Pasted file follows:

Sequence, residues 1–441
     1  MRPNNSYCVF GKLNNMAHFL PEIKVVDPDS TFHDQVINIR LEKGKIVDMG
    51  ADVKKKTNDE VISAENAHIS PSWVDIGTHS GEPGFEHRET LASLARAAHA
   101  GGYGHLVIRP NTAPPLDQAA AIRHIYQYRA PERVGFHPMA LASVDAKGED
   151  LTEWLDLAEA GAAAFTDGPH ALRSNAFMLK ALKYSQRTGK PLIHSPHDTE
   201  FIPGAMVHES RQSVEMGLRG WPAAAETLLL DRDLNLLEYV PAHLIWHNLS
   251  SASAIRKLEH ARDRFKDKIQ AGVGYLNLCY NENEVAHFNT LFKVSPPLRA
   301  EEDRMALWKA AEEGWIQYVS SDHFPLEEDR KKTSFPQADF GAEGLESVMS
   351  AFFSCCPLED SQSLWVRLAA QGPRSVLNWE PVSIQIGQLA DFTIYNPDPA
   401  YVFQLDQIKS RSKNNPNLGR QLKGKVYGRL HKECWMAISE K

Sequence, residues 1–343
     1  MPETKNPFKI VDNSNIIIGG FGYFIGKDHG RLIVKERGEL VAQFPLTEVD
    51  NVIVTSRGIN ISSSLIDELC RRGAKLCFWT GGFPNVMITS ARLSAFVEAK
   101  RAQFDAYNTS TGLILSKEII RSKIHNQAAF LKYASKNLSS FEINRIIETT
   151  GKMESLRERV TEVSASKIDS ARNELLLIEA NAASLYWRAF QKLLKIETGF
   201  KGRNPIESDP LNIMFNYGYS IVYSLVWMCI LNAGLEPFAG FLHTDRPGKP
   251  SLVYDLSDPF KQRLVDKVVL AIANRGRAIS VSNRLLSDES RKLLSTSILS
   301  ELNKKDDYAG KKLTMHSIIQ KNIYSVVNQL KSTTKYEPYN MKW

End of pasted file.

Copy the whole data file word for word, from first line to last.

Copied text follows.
Sequence, residues 1–441
     1  MRPNNSYCVF GKLNNMAHFL PEIKVVDPDS TFHDQVINIR LEKGKIVDMG
    51  ADVKKKTNDE VISAENAHIS PSWVDIGTHS GEPGFEHRET LASLARAAHA
   101  GGYGHLVIRP NTAPPLDQAA AIRHIYQYRA PERVGFHPMA LASVDAKGED
   151  LTEWLDLAEA GAAAFTDGPH ALRSNAFMLK ALKYSQRTGK PLIHSPHDTE
   201  FIPGAMVHES RQSVEMGLRG WPAAAETLLL DRDLNLLEYV PAHLIWHNLS
   251  SASAIRKLEH ARDRFKDKIQ AGVGYLNLCY NENEVAHFNT LFKVSPPLRA
   301  EEDRMALWKA AEEGWIQYVS SDHFPLEEDR KKTSFPQADF GAEGLESVMS
   351  AFFSCCPLED SQSLWVRLAA QGPRSVLNWE PVSIQIGQLA DFTIYNPDPA
   401  YVFQLDQIKS RSKNNPNLGR QLKGKVYGRL HKECWMAISE K

Sequence, residues 1–343
     1  MPETKNPFKI VDNSNIIIGG FGYFIGKDHG RLIVKERGEL VAQFPLTEVD
    51  NVIVTSRGIN ISSSLIDELC RRGAKLCFWT GGFPNVMITS ARLSAFVEAK
   101  RAQFDAYNTS TGLILSKEII RSKIHNQAAF LKYASKNLSS FEINRIIETT
   151  GKMESLRERV TEVSASKIDS ARNELLLIEA NAASLYWRAF QKLLKIETGF
   201  KGRNPIESDP LNIMFNYGYS IVYSLVWMCI LNAGLEPFAG FLHTDRPGKP
   251  SLVYDLSDPF KQRLVDKVVL AIANRGRAIS VSNRLLSDES RKLLSTSILS
   301  ELNKKDDYAG KKLTMHSIIQ KNIYSVVNQL KSTTKYEPYN MKW